May 20: Saint Bernardine of Siena, Priest

Optional Memorial; Liturgical Color: White
Patron Saint of advertising and gambling


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Saint Bernardine of Siena was the Billy Graham of his day. Graham was a well-known American evangelist who traveled ceaselessly from city to city preaching the good news of the Gospel over many decades. Yet while today’s saint was certainly a roving evangelist, he was also much more. He was first and foremost vowed to poverty, chastity, and obedience as a Franciscan Friar. Saint Bernardine was also ordained into the one Priesthood of Jesus Christ by a successor of the Apostles. And he had received a long and complete theological and humanistic education before he ever opened his mouth in front of a crowd. He was even a doctor of canon law.

Fifteenth-century Italy was hot with reform of the Church. Ever since 1417 and the end of the Great Schism (an era of two and even three competing popes), talk of Church reform was on the lips of anyone who believed enough to care. Unfortunately, every effort to compel a bishop to live in his diocese, to form better educated priests, to purify indulgence selling, to streamline Church courts, to appoint holy bishops, to stop commerce in relics, and so on, was ignored or resisted. The roots of some weeds are tangled and ferocious. They cannot be pulled from the ground. The 1400s were a lost century for efforts to reform the Church. The popes tightened their grip on Church power so that no council would ever pry their fingers from the levers of ecclesial governance. The needed reforms would have to wait until the immensely successful Council of Trent in the mid-sixteenth century. But it was too late by then. Father Martin Luther and others had been tired of waiting. The Reformation began in 1517, one hundred years after the Great Schism ended. Vast populations of Northern Europe were cleaved from the true Faith because the needed reforms came too late.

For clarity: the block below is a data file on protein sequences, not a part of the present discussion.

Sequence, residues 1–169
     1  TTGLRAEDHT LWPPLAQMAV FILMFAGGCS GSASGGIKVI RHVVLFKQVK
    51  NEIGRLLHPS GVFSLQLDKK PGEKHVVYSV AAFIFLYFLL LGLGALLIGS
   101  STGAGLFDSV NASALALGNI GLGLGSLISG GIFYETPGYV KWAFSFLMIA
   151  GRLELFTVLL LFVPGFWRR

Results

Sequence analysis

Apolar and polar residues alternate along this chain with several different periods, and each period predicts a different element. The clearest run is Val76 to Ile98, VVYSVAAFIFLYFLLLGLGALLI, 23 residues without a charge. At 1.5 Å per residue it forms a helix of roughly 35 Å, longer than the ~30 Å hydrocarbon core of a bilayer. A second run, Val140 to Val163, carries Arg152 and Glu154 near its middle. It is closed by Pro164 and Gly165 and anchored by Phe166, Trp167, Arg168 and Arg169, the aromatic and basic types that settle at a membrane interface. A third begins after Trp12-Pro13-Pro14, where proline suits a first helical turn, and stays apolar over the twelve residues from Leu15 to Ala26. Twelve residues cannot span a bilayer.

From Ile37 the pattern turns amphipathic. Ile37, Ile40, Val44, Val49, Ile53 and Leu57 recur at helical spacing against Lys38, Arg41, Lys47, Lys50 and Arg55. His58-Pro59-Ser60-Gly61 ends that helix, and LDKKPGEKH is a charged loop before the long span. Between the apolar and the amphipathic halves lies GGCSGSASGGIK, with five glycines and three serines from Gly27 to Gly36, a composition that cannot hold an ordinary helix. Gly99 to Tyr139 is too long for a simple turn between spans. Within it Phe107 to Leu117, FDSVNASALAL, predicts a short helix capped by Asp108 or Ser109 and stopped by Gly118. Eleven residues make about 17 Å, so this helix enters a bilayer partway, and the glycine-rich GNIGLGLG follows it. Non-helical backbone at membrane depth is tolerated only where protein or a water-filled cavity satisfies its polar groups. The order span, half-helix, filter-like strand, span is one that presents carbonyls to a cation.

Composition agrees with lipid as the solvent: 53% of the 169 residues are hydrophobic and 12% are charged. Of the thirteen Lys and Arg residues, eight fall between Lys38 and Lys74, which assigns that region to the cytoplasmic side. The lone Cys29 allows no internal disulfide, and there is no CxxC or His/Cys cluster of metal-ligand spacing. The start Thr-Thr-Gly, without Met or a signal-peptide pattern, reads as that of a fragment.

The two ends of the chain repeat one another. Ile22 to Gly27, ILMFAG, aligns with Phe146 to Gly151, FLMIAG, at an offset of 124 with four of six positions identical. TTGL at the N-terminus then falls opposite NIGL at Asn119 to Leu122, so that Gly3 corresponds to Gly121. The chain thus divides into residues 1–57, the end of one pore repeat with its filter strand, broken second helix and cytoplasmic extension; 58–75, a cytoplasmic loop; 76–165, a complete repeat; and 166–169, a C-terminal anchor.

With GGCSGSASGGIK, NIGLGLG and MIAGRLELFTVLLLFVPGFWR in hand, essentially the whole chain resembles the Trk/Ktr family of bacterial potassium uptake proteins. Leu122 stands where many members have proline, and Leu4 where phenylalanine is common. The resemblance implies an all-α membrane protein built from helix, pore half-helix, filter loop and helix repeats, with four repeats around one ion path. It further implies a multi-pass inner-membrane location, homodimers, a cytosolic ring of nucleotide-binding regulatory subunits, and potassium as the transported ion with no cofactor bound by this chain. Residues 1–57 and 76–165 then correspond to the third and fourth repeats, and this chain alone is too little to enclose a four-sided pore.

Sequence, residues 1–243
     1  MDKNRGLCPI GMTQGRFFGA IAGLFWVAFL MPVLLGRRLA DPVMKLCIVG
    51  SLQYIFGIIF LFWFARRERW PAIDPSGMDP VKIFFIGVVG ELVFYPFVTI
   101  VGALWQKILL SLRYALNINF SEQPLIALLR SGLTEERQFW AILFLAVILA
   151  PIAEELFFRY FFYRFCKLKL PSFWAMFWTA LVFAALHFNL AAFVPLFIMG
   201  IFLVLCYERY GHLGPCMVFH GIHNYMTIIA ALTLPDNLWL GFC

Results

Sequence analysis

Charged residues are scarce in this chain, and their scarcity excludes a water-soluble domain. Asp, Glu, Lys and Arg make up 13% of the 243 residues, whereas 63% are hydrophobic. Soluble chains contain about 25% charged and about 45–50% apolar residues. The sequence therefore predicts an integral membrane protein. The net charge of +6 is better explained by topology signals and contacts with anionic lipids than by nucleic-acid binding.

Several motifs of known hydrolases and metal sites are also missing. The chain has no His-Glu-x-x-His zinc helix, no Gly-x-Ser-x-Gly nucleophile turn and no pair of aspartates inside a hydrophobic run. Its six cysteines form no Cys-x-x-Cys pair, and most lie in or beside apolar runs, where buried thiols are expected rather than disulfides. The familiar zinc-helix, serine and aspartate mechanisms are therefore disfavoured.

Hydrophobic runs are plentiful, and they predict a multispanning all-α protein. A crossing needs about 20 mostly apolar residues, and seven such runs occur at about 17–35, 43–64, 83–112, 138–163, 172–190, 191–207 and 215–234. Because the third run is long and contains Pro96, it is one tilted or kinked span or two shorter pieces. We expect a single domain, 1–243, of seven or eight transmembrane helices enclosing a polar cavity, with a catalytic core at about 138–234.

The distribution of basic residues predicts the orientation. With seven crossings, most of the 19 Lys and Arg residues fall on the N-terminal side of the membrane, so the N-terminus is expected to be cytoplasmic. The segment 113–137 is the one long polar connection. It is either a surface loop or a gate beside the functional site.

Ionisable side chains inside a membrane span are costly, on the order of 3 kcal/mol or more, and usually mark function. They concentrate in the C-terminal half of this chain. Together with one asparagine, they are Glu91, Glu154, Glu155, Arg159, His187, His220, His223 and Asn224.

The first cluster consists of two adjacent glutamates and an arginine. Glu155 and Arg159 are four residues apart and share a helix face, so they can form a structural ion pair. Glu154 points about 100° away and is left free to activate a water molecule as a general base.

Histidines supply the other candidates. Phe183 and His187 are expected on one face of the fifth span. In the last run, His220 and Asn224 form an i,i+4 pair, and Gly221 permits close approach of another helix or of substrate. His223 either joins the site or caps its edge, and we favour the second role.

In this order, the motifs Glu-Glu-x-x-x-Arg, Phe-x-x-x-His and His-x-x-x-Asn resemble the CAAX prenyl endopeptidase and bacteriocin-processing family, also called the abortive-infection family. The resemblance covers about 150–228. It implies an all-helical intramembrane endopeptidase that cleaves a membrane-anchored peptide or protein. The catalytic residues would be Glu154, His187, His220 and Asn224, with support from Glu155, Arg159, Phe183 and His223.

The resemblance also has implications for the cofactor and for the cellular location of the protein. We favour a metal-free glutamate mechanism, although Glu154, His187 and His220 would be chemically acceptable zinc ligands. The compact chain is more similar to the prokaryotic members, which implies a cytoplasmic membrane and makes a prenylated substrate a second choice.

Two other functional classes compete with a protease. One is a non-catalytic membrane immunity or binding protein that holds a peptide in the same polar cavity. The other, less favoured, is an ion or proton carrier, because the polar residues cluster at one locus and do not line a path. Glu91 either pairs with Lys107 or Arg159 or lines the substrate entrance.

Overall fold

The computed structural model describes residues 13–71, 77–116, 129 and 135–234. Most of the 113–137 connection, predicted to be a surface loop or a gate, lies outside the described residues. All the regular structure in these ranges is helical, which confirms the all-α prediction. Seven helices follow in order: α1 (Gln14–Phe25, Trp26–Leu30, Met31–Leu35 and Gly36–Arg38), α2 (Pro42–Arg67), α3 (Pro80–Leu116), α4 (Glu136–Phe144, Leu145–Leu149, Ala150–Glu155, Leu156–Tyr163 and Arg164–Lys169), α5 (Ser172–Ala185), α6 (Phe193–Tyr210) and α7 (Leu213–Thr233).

Saint Bernardine was one of the many bright lights of fifteenth-century Italy who did everything in his power to create a holier Church through his preaching. He was such a compelling and entertaining speaker that enormous crowds turned out to hear him, normally first thing in the morning. He encouraged devotion to the Holy Name of Jesus and often held the IHS monogram in his hand when preaching. This devotion was later incorporated as a feast day into the universal calendar of the Church. Bernardine dramatically exhorted his congregations to melt their mirrors, playing cards, perfumes, dice, wigs, and other worldly distractions in a “bonfire of the vanities” roaring near his pulpit. This was true drama.

In the Franciscan tradition, Bernardine of Siena walked everywhere. No horse or mule or carriage for the journey. He excoriated usury, superstition, and the deplorable scourge of homosexual acts, in the starkest terms. Compared to the modern penchant for market research, polling, and tailoring a message to audience expectations, Saint Bernardine was fearless. He spoke the unvarnished truths of his religion to the adherents of the same. Preaching, he understood, was an essential charism of the Priesthood of Christ, not an add-on. Saint Bernardine also published, far ahead of his time, works on entrepreneurship, business practices, a just wage, and the determining of just values for a product or service. Saint Bernardine was a sophisticated thinker with a common touch.

The fact that Saint Bernardine lived almost into the age of the printed book meant that many of his sermons were accurately preserved. It also meant that images of his likeness were uniform and accurate. A famous painting by El Greco shows the emaciated friar in a worn Franciscan habit, the three knots on his white cincture visible, representing poverty, chastity, and obedience. His right hand holds a standard bearing the monogram of the name of Jesus—IHS. In his left hand is a book, perhaps the Bible. And at his feet are three bishops’ miters. Saint Bernardine was three times offered to be made a bishop and three times he said, “No.” Thus, in addition to all of his other considerable virtues, our saint also possessed the queen of the virtues — humility. Bernardine of Siena was the Saint Paul of his era and was canonized in 1450, just six years after he died, numerous miracles having already been attributed to his intercession.

Saint Bernardine of Siena, inspire all preachers to not count the personal cost of stating uncomfortable truths but instead to suffer the repercussions of honest talk. Help priests to fortify their preaching with impeccable lives of prayer, fasting, devotion, and virtue, just as you did. Amen.

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